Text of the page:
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What Happened at Jasenovac?

According to United States Holocaust Memorial Museum records, Jasenovac was not just one big camp but a cluster of five detention centers established by the Ustasa-supported government of the "Independent State of Croatia" during World War II. Collectively, the Jasenovac facility was huge -- the third-largest detention camp in Europe -- and it was infamous for its deplorable living conditions, unspeakable torture methods, and mass killings. Between 1941 and April 1945, tens of thousands of Jews, Serbs, Roma (Gypsies), Croats, and miscellaneous political prisoners were brought to Jasenovac via trains from communities across Croatia to work if they had skills needed by the Axis regime or to be savagely tortured and/or murdered if they didn't, according to museum research reports. In addition, Jasenovac was especially notorious for its brutal execution methods -- strangulation, live burning, live burial, murder by ax, ropes, chains -- as well as for the alleged participation of local Catholic clergy in those executions.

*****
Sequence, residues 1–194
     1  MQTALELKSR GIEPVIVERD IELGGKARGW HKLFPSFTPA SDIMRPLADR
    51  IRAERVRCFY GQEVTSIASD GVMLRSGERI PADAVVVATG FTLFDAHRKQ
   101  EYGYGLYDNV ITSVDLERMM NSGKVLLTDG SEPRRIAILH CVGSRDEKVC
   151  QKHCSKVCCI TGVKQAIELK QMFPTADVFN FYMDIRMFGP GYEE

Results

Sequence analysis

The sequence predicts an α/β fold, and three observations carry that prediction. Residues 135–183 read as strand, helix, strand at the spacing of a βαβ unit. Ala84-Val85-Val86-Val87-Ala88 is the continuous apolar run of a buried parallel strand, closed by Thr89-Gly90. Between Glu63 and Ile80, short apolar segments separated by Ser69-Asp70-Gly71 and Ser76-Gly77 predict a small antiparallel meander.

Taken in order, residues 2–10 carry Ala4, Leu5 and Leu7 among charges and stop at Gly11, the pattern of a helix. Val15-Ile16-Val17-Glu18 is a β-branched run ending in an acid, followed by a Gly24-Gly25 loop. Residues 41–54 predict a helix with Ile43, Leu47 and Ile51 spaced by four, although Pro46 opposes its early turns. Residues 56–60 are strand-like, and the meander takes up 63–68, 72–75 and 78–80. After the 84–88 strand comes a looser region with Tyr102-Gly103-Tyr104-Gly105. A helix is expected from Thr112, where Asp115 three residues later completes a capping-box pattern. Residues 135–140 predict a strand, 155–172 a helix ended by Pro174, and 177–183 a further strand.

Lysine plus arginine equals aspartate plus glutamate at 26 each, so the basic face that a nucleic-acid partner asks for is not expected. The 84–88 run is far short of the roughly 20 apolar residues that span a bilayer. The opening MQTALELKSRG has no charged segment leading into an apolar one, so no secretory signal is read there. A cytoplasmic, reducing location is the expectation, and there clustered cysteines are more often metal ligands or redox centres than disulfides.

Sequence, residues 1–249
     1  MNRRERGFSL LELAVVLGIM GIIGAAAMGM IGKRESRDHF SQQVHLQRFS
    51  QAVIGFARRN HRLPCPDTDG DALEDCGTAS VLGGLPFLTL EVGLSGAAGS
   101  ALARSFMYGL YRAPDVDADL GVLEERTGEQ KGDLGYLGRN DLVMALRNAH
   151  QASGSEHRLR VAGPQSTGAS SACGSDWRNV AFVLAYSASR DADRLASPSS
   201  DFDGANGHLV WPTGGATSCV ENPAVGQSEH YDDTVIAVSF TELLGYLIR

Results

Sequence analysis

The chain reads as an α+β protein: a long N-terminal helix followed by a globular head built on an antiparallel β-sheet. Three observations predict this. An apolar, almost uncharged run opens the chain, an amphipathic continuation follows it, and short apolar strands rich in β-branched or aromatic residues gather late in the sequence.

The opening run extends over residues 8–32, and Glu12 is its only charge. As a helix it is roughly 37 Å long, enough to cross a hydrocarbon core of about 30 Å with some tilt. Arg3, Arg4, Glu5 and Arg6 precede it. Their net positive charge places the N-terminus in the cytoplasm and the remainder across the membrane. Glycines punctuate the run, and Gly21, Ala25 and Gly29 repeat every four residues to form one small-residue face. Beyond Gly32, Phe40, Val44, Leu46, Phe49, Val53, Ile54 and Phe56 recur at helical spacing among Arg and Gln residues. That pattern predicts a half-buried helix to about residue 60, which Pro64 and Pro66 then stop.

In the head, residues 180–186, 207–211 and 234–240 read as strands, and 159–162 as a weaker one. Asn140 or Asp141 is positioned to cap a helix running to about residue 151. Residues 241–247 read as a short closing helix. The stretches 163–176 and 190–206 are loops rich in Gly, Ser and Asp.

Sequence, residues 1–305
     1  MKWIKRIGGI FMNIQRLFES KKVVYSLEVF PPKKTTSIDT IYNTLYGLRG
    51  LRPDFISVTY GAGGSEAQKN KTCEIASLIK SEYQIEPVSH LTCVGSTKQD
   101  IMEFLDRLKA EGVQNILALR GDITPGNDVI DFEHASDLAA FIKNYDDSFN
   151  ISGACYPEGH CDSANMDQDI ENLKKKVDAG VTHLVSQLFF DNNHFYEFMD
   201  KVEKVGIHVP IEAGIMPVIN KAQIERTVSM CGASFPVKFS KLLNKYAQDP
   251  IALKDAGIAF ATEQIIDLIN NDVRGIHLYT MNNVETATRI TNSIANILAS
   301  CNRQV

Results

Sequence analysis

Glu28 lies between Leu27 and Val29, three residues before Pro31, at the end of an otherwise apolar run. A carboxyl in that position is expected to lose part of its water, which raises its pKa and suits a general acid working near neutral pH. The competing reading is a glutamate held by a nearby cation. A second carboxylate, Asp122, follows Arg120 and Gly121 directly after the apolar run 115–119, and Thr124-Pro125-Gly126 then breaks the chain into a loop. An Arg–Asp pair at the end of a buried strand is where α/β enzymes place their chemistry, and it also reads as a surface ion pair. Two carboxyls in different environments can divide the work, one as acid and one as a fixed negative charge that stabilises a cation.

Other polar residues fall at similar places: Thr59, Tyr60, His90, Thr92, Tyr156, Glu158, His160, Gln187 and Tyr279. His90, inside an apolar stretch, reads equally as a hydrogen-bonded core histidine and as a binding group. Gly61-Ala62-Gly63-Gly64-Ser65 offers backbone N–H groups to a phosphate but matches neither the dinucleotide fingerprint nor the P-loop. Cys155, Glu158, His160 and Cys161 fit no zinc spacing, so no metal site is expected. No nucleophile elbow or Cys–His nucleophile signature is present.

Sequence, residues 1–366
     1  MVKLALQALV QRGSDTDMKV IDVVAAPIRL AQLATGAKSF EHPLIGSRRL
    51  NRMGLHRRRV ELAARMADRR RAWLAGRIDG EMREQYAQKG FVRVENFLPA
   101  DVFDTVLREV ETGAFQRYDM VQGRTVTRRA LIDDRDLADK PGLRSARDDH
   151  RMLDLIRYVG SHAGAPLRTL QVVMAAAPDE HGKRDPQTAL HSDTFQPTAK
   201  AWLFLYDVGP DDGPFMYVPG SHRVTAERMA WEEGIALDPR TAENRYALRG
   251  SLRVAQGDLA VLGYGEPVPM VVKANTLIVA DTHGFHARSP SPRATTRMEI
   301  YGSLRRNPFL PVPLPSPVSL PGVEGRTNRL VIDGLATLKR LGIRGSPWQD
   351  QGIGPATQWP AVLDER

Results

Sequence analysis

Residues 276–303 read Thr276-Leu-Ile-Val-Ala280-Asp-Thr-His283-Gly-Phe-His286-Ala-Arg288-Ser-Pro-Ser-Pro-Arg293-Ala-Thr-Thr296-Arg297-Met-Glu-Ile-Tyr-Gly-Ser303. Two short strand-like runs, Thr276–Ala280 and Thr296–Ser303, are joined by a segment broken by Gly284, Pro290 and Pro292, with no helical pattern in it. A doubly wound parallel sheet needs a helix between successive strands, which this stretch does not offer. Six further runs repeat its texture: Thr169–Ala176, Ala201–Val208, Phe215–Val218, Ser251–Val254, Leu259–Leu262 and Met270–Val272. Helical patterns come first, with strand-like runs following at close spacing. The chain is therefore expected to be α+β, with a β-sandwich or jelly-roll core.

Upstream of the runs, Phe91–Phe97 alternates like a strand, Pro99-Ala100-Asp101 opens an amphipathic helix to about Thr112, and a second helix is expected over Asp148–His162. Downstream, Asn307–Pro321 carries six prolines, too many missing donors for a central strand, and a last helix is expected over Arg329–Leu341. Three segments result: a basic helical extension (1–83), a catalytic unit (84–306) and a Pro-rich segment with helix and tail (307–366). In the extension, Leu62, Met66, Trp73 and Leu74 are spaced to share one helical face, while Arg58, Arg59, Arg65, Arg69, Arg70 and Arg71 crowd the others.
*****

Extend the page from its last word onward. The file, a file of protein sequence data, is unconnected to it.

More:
Between the summer of 1942 and March 1943, Croatian authorities reportedly emptied the camp of remaining Croatian Jews (about 7,000) and sent them to Auschwitz-Birkenau, leaving only non-Jewish prisoners in the camp. There have been many debates about how many people died at Jasenovac, and there is no agreement on the number that perished here or even who some of them were. In April 1945, the Ustasa guards deliberately destroyed the camp buildings and all records of what went on at Jasenovac when they realized that Tito's Partisan troops were closing in on them. However, most estimates say those killed at Jasenovac's camps number "more than 200,000," including 18,000 Jews.

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